On the morning of Wednesday, Aug. 9, Pima County Supervisor Sharon Bronson was rescued by the Tucson Fire Department after her county vehicle was swept into a flooded wash.At approximately 9:30 a.m., Bronson was traveling east on West Fort Lowell Road and turned south on North Balboa Avenue to avoid flooding that resulted from the remnants of Tropical Storm Javier. At that point her vehicle was swept by flood waters into the Cemetery Wash, ultimately coming to rest against the culvert beneath North Oracle Road.Bronson called 911 and the Tucson Fire and Police Departments arrived on scene and conducted a swift-water rescue as her vehicle was filling with water.“I want to express my appreciation to the Tucson Fire and Police Departments for their professionalism and heroism,” Bronson said. “This was an extraordinary storm and illustrates that when even driving on roads that are not barricaded, there is a potential risk.”According to Captain Barrett Baker with the Tucson Fire Department, an incident like that is just about “as scary as it gets.” “This occupant had to be pulled out of the car through the rear window after firefighters broke it out,” Baker said. “A simple mistake in misjudging the force of flowing water almost led to a horrific event. The car was swept down the wash about an eighth of a mile before being pinned against the bridge.”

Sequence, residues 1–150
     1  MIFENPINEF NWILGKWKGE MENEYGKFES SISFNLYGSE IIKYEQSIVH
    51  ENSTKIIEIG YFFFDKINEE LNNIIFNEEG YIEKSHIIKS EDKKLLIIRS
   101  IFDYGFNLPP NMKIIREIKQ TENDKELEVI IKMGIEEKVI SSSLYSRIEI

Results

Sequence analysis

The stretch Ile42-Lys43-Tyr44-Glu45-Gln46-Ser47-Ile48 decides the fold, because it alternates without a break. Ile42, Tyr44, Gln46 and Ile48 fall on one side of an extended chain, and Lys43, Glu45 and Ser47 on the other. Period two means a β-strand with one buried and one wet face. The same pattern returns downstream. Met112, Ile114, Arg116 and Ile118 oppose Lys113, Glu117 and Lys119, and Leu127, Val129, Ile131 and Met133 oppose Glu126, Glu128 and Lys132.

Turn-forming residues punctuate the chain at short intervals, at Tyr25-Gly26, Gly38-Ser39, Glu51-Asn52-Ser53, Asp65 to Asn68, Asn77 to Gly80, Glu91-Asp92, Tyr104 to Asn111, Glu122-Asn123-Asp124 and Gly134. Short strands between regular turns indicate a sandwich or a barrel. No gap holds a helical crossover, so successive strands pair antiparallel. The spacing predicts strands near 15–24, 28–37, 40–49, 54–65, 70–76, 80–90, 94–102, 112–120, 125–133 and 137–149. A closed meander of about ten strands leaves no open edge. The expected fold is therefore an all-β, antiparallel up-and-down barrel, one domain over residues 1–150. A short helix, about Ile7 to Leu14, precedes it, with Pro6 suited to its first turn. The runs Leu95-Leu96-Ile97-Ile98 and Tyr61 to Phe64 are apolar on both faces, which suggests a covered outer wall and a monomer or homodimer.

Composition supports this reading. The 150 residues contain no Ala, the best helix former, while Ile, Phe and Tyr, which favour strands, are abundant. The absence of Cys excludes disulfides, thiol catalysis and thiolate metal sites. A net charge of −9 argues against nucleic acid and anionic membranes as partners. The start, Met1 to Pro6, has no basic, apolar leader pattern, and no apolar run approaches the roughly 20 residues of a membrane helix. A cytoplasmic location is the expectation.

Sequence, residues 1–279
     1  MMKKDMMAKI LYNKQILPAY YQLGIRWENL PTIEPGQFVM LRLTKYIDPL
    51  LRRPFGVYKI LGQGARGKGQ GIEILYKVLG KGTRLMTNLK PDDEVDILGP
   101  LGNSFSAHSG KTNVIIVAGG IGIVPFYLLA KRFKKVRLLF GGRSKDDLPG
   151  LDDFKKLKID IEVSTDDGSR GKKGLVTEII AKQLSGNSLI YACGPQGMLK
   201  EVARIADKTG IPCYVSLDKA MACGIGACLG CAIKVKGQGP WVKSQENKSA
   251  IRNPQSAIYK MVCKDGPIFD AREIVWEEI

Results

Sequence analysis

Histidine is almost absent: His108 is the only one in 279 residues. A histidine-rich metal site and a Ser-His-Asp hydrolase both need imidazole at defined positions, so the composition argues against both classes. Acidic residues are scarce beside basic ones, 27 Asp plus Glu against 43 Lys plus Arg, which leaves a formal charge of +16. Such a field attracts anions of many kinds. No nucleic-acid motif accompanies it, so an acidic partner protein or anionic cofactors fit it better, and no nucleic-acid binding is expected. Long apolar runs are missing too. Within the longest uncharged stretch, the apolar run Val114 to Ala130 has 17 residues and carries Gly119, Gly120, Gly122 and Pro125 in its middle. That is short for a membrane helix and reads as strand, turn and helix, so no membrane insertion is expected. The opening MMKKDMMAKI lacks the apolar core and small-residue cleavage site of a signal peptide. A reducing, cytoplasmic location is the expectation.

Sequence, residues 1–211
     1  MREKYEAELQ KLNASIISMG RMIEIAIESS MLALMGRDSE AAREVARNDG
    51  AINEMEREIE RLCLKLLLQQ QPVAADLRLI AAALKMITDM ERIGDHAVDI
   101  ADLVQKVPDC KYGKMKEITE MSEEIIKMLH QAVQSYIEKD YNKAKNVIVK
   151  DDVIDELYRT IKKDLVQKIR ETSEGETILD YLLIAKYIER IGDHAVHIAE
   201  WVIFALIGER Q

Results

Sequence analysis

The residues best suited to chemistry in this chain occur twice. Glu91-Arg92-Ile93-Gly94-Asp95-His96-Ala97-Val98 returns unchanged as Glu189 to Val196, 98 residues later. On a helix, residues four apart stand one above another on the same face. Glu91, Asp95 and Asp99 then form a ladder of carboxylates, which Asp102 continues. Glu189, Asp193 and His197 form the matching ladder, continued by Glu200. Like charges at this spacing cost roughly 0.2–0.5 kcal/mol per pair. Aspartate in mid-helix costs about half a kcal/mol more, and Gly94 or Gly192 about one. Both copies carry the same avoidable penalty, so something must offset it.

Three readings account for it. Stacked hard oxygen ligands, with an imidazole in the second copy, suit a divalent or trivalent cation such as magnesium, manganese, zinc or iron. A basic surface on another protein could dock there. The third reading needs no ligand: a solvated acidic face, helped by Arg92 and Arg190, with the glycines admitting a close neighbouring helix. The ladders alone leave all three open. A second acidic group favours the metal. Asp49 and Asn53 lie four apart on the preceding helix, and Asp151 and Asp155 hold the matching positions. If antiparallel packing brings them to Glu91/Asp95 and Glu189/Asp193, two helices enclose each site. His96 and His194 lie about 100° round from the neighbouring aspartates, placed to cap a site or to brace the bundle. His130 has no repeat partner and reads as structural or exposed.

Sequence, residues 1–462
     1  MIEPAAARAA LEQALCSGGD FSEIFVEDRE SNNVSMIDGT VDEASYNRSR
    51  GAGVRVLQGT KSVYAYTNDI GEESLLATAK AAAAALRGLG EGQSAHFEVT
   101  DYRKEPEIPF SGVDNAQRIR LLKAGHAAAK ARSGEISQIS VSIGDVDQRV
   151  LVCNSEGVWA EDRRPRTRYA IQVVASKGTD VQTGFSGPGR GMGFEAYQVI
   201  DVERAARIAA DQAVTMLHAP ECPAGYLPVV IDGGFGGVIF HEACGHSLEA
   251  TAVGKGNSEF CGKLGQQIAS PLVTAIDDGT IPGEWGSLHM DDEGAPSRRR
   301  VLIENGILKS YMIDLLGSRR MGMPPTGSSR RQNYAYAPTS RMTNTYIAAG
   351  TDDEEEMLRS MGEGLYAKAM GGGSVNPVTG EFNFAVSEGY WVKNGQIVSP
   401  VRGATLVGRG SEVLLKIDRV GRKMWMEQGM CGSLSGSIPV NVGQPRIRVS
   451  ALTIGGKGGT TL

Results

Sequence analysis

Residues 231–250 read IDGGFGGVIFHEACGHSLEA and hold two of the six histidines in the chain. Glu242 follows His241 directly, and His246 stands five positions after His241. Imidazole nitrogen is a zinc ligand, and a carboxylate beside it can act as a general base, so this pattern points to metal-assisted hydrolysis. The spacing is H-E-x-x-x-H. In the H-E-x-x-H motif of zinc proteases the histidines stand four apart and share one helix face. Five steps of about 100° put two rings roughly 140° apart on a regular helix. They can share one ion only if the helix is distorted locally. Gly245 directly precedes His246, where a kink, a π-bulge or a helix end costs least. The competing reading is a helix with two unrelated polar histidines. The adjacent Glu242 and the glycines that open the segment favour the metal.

The Ritz-Carlton, Dove Mountain is one of the many Ritz Carlton Hotel Company properties to offer electric car charging stations. In a press release the resort said this was part of their dedication “to superior service and fostering a sustainable future.” The idea was that electric car owners would now be able to experience all that The Ritz-Carlton has to offer, with extraordinary destinations and exceptional service.The idea behind the Ritz-Carlton network of charging stations was to make long distance travel convenient and easy. The installation of two charging stations at each property gives travelers the ability to charge up for the next 150 miles of driving in two and a half hours.“Our organization is committed to seek ways to inspire people to live differently,” said Ritz-Carlton Chief Sales & Marketing Officer Ed French in a release. “To adopt a lifestyle in which we can travel responsibly, comfortably and create memories that will last a lifetime. Commitment to the community and environment was part of our original 1983 mission statement. Globally, we focus our efforts in three areas, of which one is environmental responsibility. Our approach is to merge our global strategy with local perspective – allowing us to integrate sustainable initiatives across the broad range of geographic locations in both remote and urban communities where our company has operations.”This is the second way in which the resort has catered to those looking for eco friendly travel. In June guests were able to test drive Teslas, as well as meet Tesla experts. Electric charging station locations at Ritz-Carlton hotels include: Amelia Island, Bachelor Gulch, Bal Harbour, Boston, Charlotte, Cleveland, Coconut Grove, Dallas, Denver, Dove Mountain, Fort Lauderdale, Half Moon Bay, Lake Tahoe, Marina Del Rey, Montreal, Naples, Rancho Mirage, Reynolds Lake Oconee, San Francisco, Sarasota, South Beach, St. Louis, Toronto, Tyson’s Corner, Pentagon City in Washington, DC and Westchester across the United States in addition to, Hotel Arts, Barcelona, Beijing Financial Street, Chengdu, Hong Kong and Shenzhen in China with additional international locations to follow in the coming months.